Paul says in Phil 4:13, “I can do all things through Him who strengthens me.” This is a statement that is very often taken out of its context and much abused. This statement is linked to the things Paul says he has learned. What has he learned? He has learned to:

  1. Rejoice
  2. Not be anxious
  3. Be thankful
  4. Get along with humble means
  5. Live in poverty
  6. Live in abundance
  7. Be filled
  8. Be hungry
  9. Endure need
  10. Be content in all things. Why? Because he can do all things through Christ who strengthens him. "Do all things" is contextual to all the things he has learned to endure.

I would translate Phil 4:13 as:

I have strength [for] all things in the One strengthening me.

Let us notice several things about this verse succinct (very Pauline) remark:

  • the name "Christ is absent but implied
  • the grammar demands that the "all things" here are those things that God requires Paul to do. That is, "God's biddings are His enablings" (to use a modern aphorism).
  • Whether "the one" here is Christ or Christ's Spirit (= the Holy Spirit) is a moot point precisely because the two operate so closely that it is not humanly possible to distinguish them. Rom 8:9 where the difference is blurred.

The same idea is often encountered in other places as well:

  • 2 Cor 13:4 - For He was indeed crucified in weakness, yet He lives by God’s power. And though we are weak in Him, yet by God’s power we will live with Him to serve you.
  • 2 Peter 1:3 - His divine power has given us everything we need for life and godliness through the knowledge of Him who called us by His own glory and excellence.
  • 2 Tim 1:4 - Guard the treasure entrusted to you, with the help of the Holy Spirit who dwells in us.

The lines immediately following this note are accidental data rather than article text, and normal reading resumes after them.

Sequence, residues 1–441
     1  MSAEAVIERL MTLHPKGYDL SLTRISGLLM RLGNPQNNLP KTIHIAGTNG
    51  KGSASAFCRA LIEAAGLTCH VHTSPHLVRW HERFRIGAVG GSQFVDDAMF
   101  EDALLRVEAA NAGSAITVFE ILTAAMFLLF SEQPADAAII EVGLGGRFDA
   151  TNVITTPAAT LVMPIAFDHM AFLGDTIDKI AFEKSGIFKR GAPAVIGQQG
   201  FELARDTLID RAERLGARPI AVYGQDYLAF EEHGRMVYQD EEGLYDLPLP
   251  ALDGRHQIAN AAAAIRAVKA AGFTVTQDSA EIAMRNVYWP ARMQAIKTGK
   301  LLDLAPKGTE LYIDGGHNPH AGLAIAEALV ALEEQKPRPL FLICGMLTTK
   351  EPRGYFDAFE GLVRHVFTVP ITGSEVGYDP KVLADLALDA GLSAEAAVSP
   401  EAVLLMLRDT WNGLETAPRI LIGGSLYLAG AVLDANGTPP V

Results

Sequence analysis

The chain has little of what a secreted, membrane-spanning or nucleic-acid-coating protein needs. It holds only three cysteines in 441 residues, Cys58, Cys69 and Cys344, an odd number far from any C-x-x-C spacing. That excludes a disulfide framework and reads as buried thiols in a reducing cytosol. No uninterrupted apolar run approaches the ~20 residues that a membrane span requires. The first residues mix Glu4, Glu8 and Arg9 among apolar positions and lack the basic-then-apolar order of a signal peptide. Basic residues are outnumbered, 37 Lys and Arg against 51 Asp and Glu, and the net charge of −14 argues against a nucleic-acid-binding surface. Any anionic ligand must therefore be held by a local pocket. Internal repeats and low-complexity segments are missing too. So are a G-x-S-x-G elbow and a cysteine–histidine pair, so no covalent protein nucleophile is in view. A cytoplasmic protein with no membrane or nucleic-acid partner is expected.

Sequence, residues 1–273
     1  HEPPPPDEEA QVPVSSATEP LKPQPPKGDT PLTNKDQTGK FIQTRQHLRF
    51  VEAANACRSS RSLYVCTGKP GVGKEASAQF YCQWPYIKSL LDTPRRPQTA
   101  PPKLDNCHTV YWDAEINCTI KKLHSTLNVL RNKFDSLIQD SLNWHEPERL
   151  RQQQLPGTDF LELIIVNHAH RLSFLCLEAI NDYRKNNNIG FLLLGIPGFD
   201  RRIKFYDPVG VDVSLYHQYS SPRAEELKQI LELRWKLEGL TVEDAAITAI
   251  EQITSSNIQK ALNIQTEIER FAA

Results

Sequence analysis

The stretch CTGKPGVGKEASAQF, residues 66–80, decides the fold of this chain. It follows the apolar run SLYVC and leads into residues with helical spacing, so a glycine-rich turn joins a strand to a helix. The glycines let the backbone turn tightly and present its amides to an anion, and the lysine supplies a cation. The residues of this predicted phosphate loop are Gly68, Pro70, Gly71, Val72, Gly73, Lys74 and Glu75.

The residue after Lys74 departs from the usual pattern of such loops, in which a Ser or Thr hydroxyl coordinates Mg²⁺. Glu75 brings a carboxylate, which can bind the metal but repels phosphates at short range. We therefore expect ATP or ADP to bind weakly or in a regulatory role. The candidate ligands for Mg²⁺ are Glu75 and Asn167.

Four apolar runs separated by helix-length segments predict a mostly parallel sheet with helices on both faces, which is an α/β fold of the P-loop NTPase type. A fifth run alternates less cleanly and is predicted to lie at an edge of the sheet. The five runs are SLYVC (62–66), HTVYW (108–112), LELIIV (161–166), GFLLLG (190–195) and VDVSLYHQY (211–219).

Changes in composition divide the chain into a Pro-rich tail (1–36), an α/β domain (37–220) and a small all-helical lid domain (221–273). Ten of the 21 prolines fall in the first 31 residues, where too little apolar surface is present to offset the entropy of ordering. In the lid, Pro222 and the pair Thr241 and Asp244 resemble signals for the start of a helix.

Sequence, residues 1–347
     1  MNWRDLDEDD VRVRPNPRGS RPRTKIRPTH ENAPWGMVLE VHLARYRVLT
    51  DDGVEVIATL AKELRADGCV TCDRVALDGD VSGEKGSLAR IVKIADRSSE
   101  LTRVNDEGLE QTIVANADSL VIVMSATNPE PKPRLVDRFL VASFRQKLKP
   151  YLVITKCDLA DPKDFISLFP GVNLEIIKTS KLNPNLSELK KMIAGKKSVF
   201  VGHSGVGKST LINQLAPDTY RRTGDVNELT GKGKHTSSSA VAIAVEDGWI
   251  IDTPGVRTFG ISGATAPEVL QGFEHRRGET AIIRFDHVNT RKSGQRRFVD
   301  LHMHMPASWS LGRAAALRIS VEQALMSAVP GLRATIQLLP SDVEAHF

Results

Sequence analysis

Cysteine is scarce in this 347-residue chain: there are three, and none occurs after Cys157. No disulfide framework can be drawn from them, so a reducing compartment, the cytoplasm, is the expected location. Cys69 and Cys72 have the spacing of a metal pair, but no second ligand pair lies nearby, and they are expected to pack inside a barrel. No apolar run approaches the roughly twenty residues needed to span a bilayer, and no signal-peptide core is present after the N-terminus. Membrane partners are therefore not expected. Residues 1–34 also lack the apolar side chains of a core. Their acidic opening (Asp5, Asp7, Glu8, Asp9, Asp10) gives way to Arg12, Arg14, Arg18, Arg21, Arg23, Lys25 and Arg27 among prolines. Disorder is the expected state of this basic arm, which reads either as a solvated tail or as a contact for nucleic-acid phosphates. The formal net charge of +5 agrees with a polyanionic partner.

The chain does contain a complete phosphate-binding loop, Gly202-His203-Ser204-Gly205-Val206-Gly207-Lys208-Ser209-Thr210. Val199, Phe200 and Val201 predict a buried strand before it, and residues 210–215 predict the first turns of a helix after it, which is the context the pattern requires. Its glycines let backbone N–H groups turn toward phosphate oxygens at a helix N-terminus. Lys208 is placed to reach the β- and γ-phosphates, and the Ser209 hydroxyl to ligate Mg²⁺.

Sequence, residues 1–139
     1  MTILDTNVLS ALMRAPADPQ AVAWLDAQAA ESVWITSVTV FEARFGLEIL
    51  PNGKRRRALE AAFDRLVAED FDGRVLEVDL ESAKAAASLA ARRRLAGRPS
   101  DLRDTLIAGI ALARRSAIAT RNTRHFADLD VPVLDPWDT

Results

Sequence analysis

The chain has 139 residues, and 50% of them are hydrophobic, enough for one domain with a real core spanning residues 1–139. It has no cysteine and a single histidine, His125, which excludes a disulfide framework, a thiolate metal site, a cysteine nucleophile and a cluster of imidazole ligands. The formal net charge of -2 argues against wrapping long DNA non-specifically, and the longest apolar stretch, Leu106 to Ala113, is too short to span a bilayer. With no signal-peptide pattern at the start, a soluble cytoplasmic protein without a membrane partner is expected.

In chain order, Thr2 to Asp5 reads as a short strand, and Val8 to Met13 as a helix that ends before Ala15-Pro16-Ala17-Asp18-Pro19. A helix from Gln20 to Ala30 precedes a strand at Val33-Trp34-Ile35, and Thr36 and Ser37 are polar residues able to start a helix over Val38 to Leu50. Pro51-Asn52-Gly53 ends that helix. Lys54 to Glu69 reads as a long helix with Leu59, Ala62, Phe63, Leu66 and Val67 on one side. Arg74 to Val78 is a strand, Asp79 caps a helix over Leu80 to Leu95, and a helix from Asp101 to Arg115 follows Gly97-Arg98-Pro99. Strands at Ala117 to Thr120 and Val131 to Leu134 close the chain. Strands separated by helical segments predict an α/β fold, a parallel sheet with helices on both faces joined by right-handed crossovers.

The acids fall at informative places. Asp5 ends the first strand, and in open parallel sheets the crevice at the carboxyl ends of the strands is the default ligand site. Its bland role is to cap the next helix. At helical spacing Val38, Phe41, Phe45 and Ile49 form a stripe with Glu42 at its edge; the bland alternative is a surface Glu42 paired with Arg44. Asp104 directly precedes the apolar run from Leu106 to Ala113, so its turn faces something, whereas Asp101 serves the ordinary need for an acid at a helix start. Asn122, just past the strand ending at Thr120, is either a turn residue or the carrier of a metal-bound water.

• Heb 9:14 - how much more will the blood of Christ, who through the eternal Spirit offered Himself unblemished to God, purify our consciences from works of death, so that we may serve the living God!
  • 2 Thess 1:11 - To this end, we always pray for you, that our God will count you worthy of His calling, and that He will powerfully fulfill your every good desire and work of faith,
  • Rom 8:13 - For if you live according to the flesh, you will die; but if by the Spirit you put to death the deeds of the body, you will live.
  • Gal 5:25 - Since we live by the Spirit, let us walk in step with the Spirit.
  • Gal 2:20 - I have been crucified with Christ, and I no longer live, but Christ lives in me. The life I live in the body, I live by faith in the Son of God, who loved me and gave Himself up for me.

... and so forth. The above is what makes us Christian (Rom 8:9).


First, what does it mean I can do all things? Usually, when this verse is quoted (often in an athletic context) the idea is that we can do whatever we set our minds to through this magical strength that Christ provides. This isn't what Paul is about here. Instead in the context of Philipians 4:11-13, his strength is his ability to face and be content in all circumstances he might find himself in regardless of how comfy or tortuous they may be.

Now with that out of the way, how does Christ strengthen him? Well, there are two possible answers: